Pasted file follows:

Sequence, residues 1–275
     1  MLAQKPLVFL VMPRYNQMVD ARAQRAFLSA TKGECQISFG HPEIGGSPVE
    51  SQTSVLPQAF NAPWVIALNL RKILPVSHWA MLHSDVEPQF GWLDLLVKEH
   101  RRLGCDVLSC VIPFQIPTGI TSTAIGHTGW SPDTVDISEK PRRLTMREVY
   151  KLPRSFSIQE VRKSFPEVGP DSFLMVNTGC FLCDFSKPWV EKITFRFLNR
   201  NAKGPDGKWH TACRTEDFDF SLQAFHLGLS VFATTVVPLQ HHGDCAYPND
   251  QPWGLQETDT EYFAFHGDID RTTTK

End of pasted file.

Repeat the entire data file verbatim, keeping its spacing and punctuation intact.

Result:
Sequence, residues 1–275
     1  MLAQKPLVFL VMPRYNQMVD ARAQRAFLSA TKGECQISFG HPEIGGSPVE
    51  SQTSVLPQAF NAPWVIALNL RKILPVSHWA MLHSDVEPQF GWLDLLVKEH
   101  RRLGCDVLSC VIPFQIPTGI TSTAIGHTGW SPDTVDISEK PRRLTMREVY
   151  KLPRSFSIQE VRKSFPEVGP DSFLMVNTGC FLCDFSKPWV EKITFRFLNR
   201  NAKGPDGKWH TACRTEDFDF SLQAFHLGLS VFATTVVPLQ HHGDCAYPND
   251  QPWGLQETDT EYFAFHGDID RTTTK